characteristically do not produce their own programming,*fn9 and do not recompense producers or broadcasters for use of the programming which they receive and redistribute.*fn10 Unlike ordinary broadcasting stations, CATV systems commonly charge their subscribers installation and other fees.*fn11
The CATV industry has grown rapidly since the establishment of the first commercial system in 1950.*fn12 In the late 1950's, some 50 new systems were established each year; by 1959, there were 550 "nationally known and identified" systems serving a total audience of 1,500,000 to 2,000,000 persons.*fn13 It has been more recently estimated that "new systems are being founded at the rate of more than one per day, and . . . subscribers . . . signed on at the rate of 15,000 per month."*fn14 By late 1965, it was reported that there were 1,847 operating CATV systems, that 758 others were franchised but not yet in operation, and that there were 938 applications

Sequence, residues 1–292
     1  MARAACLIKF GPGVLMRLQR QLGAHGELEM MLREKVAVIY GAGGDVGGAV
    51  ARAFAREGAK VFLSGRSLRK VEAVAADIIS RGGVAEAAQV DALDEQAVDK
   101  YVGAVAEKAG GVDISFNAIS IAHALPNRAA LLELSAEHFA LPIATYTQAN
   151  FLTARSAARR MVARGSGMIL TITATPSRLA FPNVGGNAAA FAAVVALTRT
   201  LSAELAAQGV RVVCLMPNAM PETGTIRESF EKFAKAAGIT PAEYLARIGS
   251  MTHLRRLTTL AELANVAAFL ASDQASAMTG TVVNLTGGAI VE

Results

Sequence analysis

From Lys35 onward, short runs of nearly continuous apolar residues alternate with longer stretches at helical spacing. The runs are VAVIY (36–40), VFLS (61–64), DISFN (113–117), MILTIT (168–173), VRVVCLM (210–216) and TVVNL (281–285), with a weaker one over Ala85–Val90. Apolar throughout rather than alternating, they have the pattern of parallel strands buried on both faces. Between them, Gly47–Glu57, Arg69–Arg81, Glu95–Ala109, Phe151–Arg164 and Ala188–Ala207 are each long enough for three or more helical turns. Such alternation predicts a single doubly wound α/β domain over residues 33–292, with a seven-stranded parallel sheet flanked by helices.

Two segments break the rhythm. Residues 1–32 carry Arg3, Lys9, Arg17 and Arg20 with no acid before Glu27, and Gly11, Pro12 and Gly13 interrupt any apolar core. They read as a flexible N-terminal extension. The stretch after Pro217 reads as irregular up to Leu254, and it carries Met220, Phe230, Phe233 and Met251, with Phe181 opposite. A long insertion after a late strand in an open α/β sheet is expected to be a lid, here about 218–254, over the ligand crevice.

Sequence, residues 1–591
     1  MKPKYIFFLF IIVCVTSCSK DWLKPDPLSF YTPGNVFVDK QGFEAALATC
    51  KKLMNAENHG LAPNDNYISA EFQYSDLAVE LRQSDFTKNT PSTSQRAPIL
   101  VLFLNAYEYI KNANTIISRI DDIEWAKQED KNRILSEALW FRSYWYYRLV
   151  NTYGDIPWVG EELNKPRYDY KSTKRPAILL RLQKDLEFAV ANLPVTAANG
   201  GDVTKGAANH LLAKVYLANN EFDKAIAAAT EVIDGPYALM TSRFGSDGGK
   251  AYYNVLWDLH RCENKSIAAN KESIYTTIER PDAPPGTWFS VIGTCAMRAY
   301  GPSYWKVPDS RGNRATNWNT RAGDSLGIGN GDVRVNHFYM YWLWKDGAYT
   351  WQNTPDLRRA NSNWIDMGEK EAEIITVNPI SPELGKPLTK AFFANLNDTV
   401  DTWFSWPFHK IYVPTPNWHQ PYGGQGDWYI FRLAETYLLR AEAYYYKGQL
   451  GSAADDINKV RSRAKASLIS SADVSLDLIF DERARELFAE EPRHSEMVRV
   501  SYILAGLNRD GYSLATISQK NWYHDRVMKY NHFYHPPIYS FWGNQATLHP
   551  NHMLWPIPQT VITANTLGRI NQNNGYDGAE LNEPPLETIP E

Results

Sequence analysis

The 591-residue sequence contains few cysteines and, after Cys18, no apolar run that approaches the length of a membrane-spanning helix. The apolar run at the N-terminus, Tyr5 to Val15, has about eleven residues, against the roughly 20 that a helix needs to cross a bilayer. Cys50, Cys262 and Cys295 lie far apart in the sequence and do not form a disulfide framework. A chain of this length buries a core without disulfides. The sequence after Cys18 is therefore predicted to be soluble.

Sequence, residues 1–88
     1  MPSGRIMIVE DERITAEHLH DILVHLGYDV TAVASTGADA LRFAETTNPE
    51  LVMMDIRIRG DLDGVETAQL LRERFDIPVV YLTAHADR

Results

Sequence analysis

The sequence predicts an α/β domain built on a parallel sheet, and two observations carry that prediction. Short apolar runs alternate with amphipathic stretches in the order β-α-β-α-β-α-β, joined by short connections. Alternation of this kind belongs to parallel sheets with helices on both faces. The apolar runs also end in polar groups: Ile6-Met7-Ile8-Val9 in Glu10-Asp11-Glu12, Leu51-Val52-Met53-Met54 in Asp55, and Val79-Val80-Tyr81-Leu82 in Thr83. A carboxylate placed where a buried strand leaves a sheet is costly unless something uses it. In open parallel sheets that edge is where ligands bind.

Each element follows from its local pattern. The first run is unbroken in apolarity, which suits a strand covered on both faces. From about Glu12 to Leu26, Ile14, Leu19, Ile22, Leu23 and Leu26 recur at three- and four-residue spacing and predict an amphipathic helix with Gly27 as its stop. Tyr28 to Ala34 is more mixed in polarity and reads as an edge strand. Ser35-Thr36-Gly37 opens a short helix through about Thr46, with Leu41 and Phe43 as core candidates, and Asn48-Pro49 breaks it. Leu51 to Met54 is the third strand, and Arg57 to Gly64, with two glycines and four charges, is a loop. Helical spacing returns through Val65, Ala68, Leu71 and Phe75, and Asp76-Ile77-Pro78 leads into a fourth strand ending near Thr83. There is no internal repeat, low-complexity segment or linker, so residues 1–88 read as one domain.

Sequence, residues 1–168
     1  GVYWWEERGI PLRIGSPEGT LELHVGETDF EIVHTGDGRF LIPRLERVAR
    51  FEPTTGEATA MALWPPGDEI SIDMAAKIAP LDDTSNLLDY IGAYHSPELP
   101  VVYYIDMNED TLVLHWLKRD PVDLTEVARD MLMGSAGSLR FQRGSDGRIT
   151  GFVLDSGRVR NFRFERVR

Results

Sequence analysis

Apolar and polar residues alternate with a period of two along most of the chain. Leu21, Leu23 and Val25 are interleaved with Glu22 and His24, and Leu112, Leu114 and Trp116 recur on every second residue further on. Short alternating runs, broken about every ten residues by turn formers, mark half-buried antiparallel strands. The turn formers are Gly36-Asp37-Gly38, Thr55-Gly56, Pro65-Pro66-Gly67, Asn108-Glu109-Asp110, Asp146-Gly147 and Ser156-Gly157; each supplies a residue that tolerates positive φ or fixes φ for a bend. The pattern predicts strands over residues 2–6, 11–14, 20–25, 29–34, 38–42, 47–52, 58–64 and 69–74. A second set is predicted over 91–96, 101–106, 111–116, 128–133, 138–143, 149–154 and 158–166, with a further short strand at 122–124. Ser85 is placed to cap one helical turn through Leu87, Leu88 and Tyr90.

for additional franchises.*fn15 The statistical evidence is incomplete, but, as the Commission has observed, "whatever the estimate, CATV growth is clearly explosive in nature." Second Report and Order, 2 F. C. C. 2d 725, 738, n. 15.